The Return of the Dreaded -- and Dreadful -- Stock Pickers

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Market turbulence and economic uncertainty create fear and anxiety among investors. Unfortunately, many turn to advice freely dispensed by self-styled investment gurus -- who claim they can predict the direction of the markets or pick outperforming stocks. Reliance on this advice can be very harmful to your financial well-being.

One form of stock market crystal ball reading is so-called "technical analysis." This, according to its proponents, is the examination of patterns in the market to identify the current trend, and then looking for patterns that suggest whether that trend is likely to continue or change.

Sharing "a Pedestal with Alchemy"


There's compelling evidence that technical analysis is nonsense. The view of those who study the capital markets, and publish peer-reviewed papers setting forth their conclusions, was nicely summarized by Burton Malkiel of Princeton University, in his seminal book, A Random Walk Down Wall Street. Professor Malkiel concluded that "under scientific scrutiny, chart reading must share a pedestal with alchemy." The concept of using past data to predict future prices has been debunked by the efficient market hypothesis -- which holds that markets are random and efficient. It is tomorrow's news that moves stock prices and markets, not yesterday's. No technical chart can predict tomorrow's headlines.

Stock pickers fare no better, but they keep trying to convince you they have predictive power that will help you to gain outsized returns.The unstoppable Jim Cramer advises you to buy banks, industrials and metals and mining. Should you listen to him?

No Better Than Coin Flipping?


Consider this: A study of 1,446 large-cap blend mutual funds for the 10-year period ending Oct. 31, 2004, found only 35 outperformed the S&P 500 index. Do you believe any individual stock picker is better than these handsomely paid and well-credentialed mutual fund managers?

The CXO Advisory Group tracks Cramer's picks, and those of other alleged "stock picking gurus." The overall rating of the stock pickers was 48%. You could replicate these dismal results by coin-flipping or by tossing a dart at a list of stocks. Is this an intelligent way to invest and plan for retirement?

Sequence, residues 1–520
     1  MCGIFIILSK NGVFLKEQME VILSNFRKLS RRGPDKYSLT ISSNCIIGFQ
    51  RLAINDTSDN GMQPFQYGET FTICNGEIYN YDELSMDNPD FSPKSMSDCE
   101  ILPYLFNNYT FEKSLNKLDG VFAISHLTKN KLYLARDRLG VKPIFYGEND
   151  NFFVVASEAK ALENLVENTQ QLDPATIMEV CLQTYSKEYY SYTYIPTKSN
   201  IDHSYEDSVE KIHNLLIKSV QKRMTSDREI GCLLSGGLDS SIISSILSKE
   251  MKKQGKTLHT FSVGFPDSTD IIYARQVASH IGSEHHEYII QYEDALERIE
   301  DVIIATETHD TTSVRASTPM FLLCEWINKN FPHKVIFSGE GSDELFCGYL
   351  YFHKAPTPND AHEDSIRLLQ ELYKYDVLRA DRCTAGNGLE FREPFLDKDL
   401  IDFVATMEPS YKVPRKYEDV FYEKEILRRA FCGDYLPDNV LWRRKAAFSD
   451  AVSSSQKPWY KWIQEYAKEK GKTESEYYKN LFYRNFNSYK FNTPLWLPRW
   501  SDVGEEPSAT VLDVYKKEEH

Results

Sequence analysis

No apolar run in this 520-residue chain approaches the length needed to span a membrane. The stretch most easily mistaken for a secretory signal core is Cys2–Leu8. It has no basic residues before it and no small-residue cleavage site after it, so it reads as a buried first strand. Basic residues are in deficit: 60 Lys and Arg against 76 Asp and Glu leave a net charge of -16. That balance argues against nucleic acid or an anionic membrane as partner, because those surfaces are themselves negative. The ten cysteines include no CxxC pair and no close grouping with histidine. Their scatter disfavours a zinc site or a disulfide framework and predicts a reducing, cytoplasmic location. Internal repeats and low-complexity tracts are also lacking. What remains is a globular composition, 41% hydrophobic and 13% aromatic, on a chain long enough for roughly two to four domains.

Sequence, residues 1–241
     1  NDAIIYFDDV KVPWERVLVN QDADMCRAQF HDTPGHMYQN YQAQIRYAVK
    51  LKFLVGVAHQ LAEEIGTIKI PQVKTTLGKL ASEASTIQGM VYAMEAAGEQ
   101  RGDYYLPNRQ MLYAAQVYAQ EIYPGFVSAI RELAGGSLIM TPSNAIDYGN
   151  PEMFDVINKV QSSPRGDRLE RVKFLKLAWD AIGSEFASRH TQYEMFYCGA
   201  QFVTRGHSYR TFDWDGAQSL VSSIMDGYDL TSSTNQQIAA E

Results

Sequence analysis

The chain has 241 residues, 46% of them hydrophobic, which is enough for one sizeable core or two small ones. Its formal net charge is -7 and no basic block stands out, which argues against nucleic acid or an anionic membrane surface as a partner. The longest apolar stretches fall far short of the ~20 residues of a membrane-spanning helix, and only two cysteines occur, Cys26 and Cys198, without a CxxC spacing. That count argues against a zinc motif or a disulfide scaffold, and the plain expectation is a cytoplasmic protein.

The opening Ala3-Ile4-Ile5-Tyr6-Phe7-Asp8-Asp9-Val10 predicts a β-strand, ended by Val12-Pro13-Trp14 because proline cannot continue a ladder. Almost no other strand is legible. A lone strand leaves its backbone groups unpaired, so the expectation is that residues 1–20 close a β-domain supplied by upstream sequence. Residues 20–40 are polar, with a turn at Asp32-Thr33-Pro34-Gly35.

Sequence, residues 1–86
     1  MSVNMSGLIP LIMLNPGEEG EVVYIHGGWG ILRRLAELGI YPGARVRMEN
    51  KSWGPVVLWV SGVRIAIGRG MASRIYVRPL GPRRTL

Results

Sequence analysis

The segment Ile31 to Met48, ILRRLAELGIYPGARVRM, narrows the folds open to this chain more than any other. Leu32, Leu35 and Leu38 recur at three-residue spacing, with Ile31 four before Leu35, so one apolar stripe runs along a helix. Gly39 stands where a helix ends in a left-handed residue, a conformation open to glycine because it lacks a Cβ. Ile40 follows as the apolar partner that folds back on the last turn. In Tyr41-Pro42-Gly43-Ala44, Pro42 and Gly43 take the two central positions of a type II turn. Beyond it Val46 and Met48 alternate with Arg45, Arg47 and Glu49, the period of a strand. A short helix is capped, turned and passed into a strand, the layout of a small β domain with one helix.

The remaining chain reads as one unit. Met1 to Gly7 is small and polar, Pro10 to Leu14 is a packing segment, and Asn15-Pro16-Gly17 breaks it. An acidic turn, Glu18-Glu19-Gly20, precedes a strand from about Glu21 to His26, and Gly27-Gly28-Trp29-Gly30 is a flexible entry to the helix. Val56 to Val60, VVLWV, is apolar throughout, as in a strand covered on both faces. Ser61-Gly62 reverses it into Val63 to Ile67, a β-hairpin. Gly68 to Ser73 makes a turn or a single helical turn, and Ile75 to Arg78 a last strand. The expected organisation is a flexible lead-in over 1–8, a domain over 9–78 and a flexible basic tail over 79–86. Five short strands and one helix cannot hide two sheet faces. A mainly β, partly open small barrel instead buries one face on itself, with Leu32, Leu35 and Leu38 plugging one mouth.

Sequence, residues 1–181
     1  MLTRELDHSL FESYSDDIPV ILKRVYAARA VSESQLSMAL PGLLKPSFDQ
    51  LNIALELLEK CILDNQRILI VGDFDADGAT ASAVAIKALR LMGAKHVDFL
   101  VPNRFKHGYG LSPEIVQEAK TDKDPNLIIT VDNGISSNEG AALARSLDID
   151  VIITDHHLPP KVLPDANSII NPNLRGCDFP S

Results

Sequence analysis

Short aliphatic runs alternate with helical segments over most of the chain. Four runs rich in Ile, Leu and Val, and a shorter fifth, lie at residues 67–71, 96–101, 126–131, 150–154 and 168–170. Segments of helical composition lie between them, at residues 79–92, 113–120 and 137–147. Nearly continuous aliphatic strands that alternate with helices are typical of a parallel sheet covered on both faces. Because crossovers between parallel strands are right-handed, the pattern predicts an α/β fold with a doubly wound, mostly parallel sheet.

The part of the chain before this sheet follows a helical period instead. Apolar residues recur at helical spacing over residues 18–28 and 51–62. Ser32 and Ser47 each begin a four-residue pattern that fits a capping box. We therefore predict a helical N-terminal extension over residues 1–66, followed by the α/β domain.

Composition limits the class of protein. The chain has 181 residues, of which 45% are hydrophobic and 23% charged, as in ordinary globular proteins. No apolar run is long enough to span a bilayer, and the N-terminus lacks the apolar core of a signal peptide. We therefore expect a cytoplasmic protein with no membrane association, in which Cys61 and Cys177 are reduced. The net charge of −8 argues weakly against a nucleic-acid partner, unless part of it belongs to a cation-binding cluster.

In May, 2009, CXO did an analysis of Cramer's buy and sell recommendations. It concluded his recommendations are not particularly good or unusually bad. While Cramer likes to compare his performance to the S&P 500, the reality is his stock picks are often riskier than those in that index. In a bull market, you would expect higher returns from riskier asset classes.

A study by Barron's may also give investors pause before following Cramer's latest recommendations. It found Cramer's stock picks typically underperform the market. From May to December 2008, the market lost 30%. Investors who followed Cramer's advice would have lost 35%.

"No Such Thing as Stock Picking Skill"

There's something fundamentally wrong about making stock picks and knowing that some investors will rely on them, when there is no data indicating anyone has this expertise. William Bernstein, author of The Intelligent Asset Allocator and other valuable investing books, said: "It turns out for all practical purposes, there is no such thing as stock picking skill." His views are shared by Nobel laureates Merton Miller, William Sharpe and Paul Samuelson, and backed up by hundreds of academic studies.

Yet the charade continues. The same "gurus" who recommended Lehman Brothers, Washington Mutual, Worldcom, Enron and other companies that later filed for bankruptcy continue to tout their skills as investing prognosticators, unashamed and without remorse. They have new "stocks picks" for gullible investors with short memories. They hope their purported "expertise" will convince you to read their blogs, watch their television shows or -- worst of all -- entrust your money to them. I don't mean to pick on Cramer, who is no better or worse than his stock-picking colleagues. However, it is noteworthy that he recommended Lehman Brothers on Aug. 17, 2007, together with other financial stocks. That day, it closed at $58.11. Its most recent close was around 4 cents.

It may be entertaining to read their musings and watch their antics, but it has nothing to do with intelligent investing.


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